COVID-19 Vaccine Requirements for Travel to the U.S. - Are Your Employees Ready?
November 8, 2021
By Benjamin A. Nucci and Rebecca A. Winterscheidt
Effective 12:01 a.m. today, took effect. That Proclamation rescinds the pandemic geographic travel bans and instead implements certain COVID-19 vaccine requirements for all international air travelers to the U.S.
The Proclamation governs the entry into the United States of nonimmigrants traveling to the United States by air. With limited exceptions, it suspends entry of noncitizen nonimmigrants who are not vaccinated and requires those individuals seeking an exception to follow health and safety requirements determined by the Director of the Center for Disease Control (CDC).
Some important pieces to note:
- The travel bans that restricted travel for those from China (PP 9984), Iran (PP 9992), the Schengen Area, UK and Ireland, Brazil, South Africa (PP 10143), and India (PP 10199) are now lifted.
- The Proclamation suspends the entry into the United States by certain individuals via air travel. Separately, the Department of Homeland Security released for those entering at land and ferry border crossings.
- Per a corresponding , travelers will be required to provide proof of vaccination to airlines boarding a plane to the United States, who will in turn:
- Match the name and date of birth to the information on the vaccination documentation.
- Determine that the record was, in fact, issued by an official source (public health agency, government agency, or authorized vaccine provider) within the country it was given.
- Review the information to determine if the vaccination meets the CDC's definition of full vaccination, including being approved or authorized by the FDA or included on the of emergency use vaccines. They are:
- Janssen/Johnson & Johnson (Single Dose)
- In its, the CDC has identified three documentation categories considered to be acceptable proof of COVID-19 vaccination:
- Verifiable digital or paper records: This includes, but is not limited to, examples such asvaccination certificates or digital passes accessible via QR code (such as the UK NHS COVID Passand the European Union Digital COVID Certificate).
- Non-verifiable paper records: A paper vaccination record or a COVID-19 vaccination certificateissued by a national or subnational level or by an authorized vaccine provide (such as the CDCvaccination card).
- Non-verifiable digital records: Digital photos of vaccination card or record, or a downloaded recordor vaccination certificate from an official source (e.g., public health agency, government agency, orother authorized vaccine provider), or a record shown on a mobile phone app without a QR code.
- The Proclamation does not apply to United States citizens, lawful permanent residents, or those traveling on immigrant visas. However, applying for an immigrant visa abroad or who seek to adjust status from within the United States are required to receive, among other vaccinations, an authorized COVID-19 vaccination as of October 1, 2021.
- The Proclamation also provides several exceptions to the vaccine requirement. They include:
- Children under the age of 18.
- Those that participated in certain clinical trials for COVID-19.
- Those for whom approved COVID-19 vaccination is medically contraindicated.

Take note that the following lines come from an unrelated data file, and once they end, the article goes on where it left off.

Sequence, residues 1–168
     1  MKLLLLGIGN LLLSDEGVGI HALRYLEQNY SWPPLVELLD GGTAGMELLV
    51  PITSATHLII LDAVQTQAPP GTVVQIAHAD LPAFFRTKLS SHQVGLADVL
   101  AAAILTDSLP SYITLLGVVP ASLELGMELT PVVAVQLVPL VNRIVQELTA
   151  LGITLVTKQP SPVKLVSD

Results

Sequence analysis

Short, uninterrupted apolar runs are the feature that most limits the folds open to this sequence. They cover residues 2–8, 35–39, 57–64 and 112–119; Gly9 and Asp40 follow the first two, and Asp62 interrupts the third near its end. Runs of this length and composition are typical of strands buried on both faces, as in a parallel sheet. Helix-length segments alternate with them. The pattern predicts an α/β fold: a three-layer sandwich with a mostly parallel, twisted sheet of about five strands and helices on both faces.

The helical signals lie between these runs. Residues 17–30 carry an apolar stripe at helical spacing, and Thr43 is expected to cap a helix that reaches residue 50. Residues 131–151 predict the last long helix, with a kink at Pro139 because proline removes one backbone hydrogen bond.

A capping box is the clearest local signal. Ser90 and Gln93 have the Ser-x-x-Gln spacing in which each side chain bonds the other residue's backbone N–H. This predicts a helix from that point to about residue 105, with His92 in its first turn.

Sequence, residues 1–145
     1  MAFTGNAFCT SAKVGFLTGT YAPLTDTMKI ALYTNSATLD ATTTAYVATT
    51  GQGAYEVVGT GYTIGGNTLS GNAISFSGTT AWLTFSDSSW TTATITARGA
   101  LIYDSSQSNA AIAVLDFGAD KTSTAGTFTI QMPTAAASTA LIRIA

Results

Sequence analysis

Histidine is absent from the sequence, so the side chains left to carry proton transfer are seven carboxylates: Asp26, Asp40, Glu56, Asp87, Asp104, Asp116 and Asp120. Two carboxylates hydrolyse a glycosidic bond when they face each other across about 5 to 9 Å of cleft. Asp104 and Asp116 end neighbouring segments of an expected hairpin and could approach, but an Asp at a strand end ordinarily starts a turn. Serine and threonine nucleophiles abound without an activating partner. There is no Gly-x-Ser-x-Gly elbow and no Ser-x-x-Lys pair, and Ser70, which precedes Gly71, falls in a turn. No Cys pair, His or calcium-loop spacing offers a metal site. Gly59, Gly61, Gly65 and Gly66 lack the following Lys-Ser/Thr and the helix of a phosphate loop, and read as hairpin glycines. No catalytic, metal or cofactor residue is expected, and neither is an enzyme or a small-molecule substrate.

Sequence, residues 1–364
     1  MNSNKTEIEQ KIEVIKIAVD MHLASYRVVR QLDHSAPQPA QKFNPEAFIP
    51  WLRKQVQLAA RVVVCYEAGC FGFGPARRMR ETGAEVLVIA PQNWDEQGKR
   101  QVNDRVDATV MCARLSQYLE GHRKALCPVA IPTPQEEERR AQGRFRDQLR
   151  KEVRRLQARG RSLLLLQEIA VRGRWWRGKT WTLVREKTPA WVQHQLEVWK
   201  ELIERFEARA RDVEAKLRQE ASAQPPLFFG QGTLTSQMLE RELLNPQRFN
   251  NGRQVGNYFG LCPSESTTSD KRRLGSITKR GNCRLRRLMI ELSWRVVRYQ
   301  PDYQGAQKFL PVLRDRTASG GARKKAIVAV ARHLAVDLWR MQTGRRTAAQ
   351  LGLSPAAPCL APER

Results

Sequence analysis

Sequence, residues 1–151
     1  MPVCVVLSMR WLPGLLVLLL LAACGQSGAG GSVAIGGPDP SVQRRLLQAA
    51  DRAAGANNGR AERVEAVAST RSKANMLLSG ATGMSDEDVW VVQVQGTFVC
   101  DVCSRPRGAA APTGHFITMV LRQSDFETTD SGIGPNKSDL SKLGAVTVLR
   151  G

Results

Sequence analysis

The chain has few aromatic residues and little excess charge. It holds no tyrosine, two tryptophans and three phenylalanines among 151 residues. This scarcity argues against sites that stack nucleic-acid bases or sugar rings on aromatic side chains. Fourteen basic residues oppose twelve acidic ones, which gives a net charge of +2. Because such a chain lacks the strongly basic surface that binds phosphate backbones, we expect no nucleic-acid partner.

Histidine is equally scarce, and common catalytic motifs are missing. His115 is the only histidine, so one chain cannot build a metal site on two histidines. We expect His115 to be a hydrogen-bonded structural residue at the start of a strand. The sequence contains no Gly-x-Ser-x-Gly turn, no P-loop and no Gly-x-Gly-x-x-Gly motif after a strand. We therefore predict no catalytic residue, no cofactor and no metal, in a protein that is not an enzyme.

- Those granted humanitarian or emergency exceptions by the Director of the CDC in limited circumstances for individuals who need to travel to the U.S. for their health and safety and are unable to complete the vaccine requirement before doing so.
- Citizens of a country with less than 10% of the population vaccinated with any available COVID-19 vaccine, who seek to enter the United States pursuant to a nonimmigrant visa, except for a B-1/B-2 visa.
- Members of the U.S. Armed Forces and their spouses.
- Those whose entry would be in the national interest, as determined by the Secretaries of State, Transportation, Homeland Security, or their designees.
- While the categories of persons above are excepted from the vaccination requirement, these individuals will be subject to more rigorous testing requirements as well as a requirement that they be vaccinated against COVID-19 within 60 days of arriving in the United States (with limited exceptions).
- There are no exceptions to the vaccine requirement for religious reasons or other moral convictions under the Presidential Proclamation.
- Per , all air passengers (including American citizens, lawful permanent residents, and foreign nationals traveling to the United States on immigrant or nonimmigrant visas) are required to present a negative COVID-19 viral test result, within a time period based on their vaccination status or present documentation of having recovered from COVID-19 in the last 90 days.
- Fully vaccinated: No more than three days.
- Not fully vaccinated: No more than one day.
- Children between the ages of 2 and 17 will be required to take a pre-departure test.
Employers should consider planning any international travel well in advance to avoid potential delays. Moreover, employers may want to advise employees to seek prompt assistance early to navigate any administrative hurdles. For example, airlines and other aircraft operators must be able to confirm proof of vaccination. If documents are in a language other than English, the airline may require a translation before accepting the document. Lastly, employers should routinely review government publications to ensure they have the latest guidance on the topic.
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